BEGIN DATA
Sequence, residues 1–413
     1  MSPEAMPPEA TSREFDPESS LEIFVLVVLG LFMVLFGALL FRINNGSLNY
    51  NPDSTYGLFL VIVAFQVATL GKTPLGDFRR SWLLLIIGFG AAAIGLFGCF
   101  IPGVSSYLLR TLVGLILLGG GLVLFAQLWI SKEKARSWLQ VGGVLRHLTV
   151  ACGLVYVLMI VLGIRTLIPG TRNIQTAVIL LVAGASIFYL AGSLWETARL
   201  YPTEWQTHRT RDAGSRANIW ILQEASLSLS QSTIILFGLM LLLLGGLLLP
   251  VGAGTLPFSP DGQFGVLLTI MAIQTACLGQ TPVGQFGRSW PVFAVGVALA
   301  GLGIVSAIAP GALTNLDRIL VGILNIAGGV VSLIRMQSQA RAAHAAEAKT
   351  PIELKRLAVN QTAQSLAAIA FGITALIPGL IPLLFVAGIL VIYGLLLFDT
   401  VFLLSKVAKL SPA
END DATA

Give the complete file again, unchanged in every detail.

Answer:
Sequence, residues 1–413
     1  MSPEAMPPEA TSREFDPESS LEIFVLVVLG LFMVLFGALL FRINNGSLNY
    51  NPDSTYGLFL VIVAFQVATL GKTPLGDFRR SWLLLIIGFG AAAIGLFGCF
   101  IPGVSSYLLR TLVGLILLGG GLVLFAQLWI SKEKARSWLQ VGGVLRHLTV
   151  ACGLVYVLMI VLGIRTLIPG TRNIQTAVIL LVAGASIFYL AGSLWETARL
   201  YPTEWQTHRT RDAGSRANIW ILQEASLSLS QSTIILFGLM LLLLGGLLLP
   251  VGAGTLPFSP DGQFGVLLTI MAIQTACLGQ TPVGQFGRSW PVFAVGVALA
   301  GLGIVSAIAP GALTNLDRIL VGILNIAGGV VSLIRMQSQA RAAHAAEAKT
   351  PIELKRLAVN QTAQSLAAIA FGITALIPGL IPLLFVAGIL VIYGLLLFDT
   401  VFLLSKVAKL SPA